file.open("ITIN.CSV", O_READ);
i = 0; // reset counter just in case
while ((c = file.read()) > 0) {
local[i] = (char) c;
i++;
}
i = 0; // reset counter
irtinvalue = strtod(local, NULL);
Serial.println(irtinvalue, 8);
file.close();

file.open("ITAPE.CSV", O_READ);
i = 0; // reset counter just in case
while ((c = file.read()) > 0) {
local[i] = (char) c;
i++;
}
i = 0; // reset counter
irtapevalue = strtod(local, NULL);
Serial.println(irtapevalue, 8);
file.close();

file.open("RTIN.CSV", O_READ);
i = 0; // reset counter just in case
while ((c = file.read()) > 0) {
local[i] = (char) c;
i++;
}
i = 0; // reset counter
rebeltinvalue = strtod(local, NULL);
Serial.println(rebeltinvalue, 8);
file.close();

file.open("RTAPE.CSV", O_READ);
i = 0; // reset counter just in case
while ((c = file.read()) > 0) {
local[i] = (char) c;
i++;
}
i = 0; // reset counter
rebeltapevalue = strtod(local, NULL);
Serial.println(rebeltapevalue, 8);
file.close();

// CALCULATE BASELINE VALUE
baseline = (rebelslope*(irsamplevalue-irtinvalue)/(irslope-rebeltinvalue));

}

void basicfluor() {
// Flash the LED in a cycle with defined ON and OFF times, and take analogRead measurements as fast as possible on the ON cycle

strcpy(filenamelocal,filename); // set the local filename variable with the extension for this subroutine.
strcat(filenamelocal, "-I.CSV"); // NOTE! "filename" + calibration name extension (CAN ONLY BE A DASH (-) AND 1 LETTER!). This is the name of file that this subroutine data is stored in
SdFile sub1;
sub1.open(filenamedir, O_READ);
SdBaseFile* dir = &sub1;
SdFile file;
file.open(dir, filenamelocal, O_CREAT | O_WRITE | O_APPEND);
strcpy(filenamelocal,filename); // reset the localfilename variable;

datasample = (int*)malloc(pulsecycles*sizeof(int)); // create the array of proper size to save one value for all each ON/OFF cycle
noInterrupts();

start1orig = micros();
file.print(start1orig); // first row shows the run time in milliseconds
start1 = micros();
for (i=0;i<pulsecycles;i++) {
digitalWriteFast(measuringlight1, HIGH);
if (saturatingcycleon == i+1) {
digitalWriteFast(saturatinglight1, HIGH); // Turn saturating light on
}
data1 = analogRead(detector1); // NOTE! user needs to set the number of analogReads() per ON cycle - add more for more analogReads()
data2 = analogRead(detector1);
data3 = analogRead(detector1);
data4 = analogRead(detector1);
start1=start1+pulselengthon;
while (micros()<start1) {
}
start1=start1+pulselengthoff;
digitalWriteFast(measuringlight1, LOW); //
if (saturatingcycleoff == i+1) {
digitalWriteFast(saturatinglight1, LOW); // Turn saturating light off
}
datasample[i] = (data1+data2+data3+data4); // NOTE! ADJUST BASELINE MULTIPLIER BASED ON NUMBER OF DATA SAMPLED DURING MEASURING PULSE! data is stored as an array, size = calpulsecycles. Each point in the array is the average of the data points from an ON cycle. Averaging is done later.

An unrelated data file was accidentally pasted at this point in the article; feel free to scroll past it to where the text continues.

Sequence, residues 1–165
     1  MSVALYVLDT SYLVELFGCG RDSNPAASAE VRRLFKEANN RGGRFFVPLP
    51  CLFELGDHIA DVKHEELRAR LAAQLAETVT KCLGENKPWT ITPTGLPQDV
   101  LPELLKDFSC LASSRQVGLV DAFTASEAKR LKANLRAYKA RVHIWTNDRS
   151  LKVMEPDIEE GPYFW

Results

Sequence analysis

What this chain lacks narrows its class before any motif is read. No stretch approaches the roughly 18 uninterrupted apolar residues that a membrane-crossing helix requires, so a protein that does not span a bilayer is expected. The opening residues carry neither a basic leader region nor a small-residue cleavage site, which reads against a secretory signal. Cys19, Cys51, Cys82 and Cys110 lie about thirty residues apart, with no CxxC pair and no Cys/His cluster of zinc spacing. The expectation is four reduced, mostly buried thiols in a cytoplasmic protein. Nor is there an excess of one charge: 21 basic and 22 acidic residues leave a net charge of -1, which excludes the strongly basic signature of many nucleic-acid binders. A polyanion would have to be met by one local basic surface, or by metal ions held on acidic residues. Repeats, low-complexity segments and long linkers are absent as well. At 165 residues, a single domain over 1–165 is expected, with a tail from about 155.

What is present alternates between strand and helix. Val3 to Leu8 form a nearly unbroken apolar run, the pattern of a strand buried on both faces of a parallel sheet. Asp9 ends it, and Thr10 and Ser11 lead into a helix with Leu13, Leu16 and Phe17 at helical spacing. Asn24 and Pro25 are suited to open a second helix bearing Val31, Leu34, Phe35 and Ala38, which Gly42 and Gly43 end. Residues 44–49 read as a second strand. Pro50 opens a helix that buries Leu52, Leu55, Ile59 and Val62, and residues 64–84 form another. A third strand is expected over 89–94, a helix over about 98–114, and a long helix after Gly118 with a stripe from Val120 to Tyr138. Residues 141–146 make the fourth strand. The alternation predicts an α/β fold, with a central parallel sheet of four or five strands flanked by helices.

// start5 = micros();
file.print(datasample[i]); // (~10us) store data point on the SD Card
// start6 = micros();
file.print(","); // move to next line in .csv (creates new column in spreadsheet)
// end5 = micros();
while (micros()<start1) {
}
}
end1 = micros();
interrupts();

file.println(""); // move to next column
file.close();

free(datasample); // release the memory allocated for the data

// TEST SD CARD WRITE SPEED
// Serial.print("Time required for 2 write's (sample, comma) to the SD Card: ");
// Serial.print(end5 - start5);
// Serial.print(", ");
// Serial.println(end5 - start6);

for (i=0;i<pulsecycles;i++) {
rebelsamplevalue += datasample[i]; // totals all of the analogReads taken
}
delay(50);
Serial.print("THIS IS THE BASELINE: ");
Serial.println(baseline);
rebelsamplevalue = (float) rebelsamplevalue; // create a float for rebelsamplevalue so it can be saved later
rebelsamplevalue = (rebelsamplevalue / (pulsecycles*4)); // NOTE! Divide by the total number of samples to get the average reading during the calibration - NOTE! The divisor here needs to be equal to the number of analogReads performed above!!!!
Serial.print("Rebel sample value: ");
Serial.println(rebelsamplevalue);
Serial.println("");
for (i=0;i<pulsecycles;i++) { // Print the results!
Serial.print(datasample[i]);
Serial.print(", ");
Serial.print(" ");
}
Serial.println("");

}

// USER PRINTOUT OF MAIN PARAMETERS
void printout() {

Serial.println("");
Serial.print("Pulse cycles during calibration ");
Serial.println(calpulsecycles); // Number of times the "pulselengthon" and "pulselengthoff" cycle (on/off is 1 cycle) (maximum = 1000 until we can store the read data in an SD card or address the interrupts issue)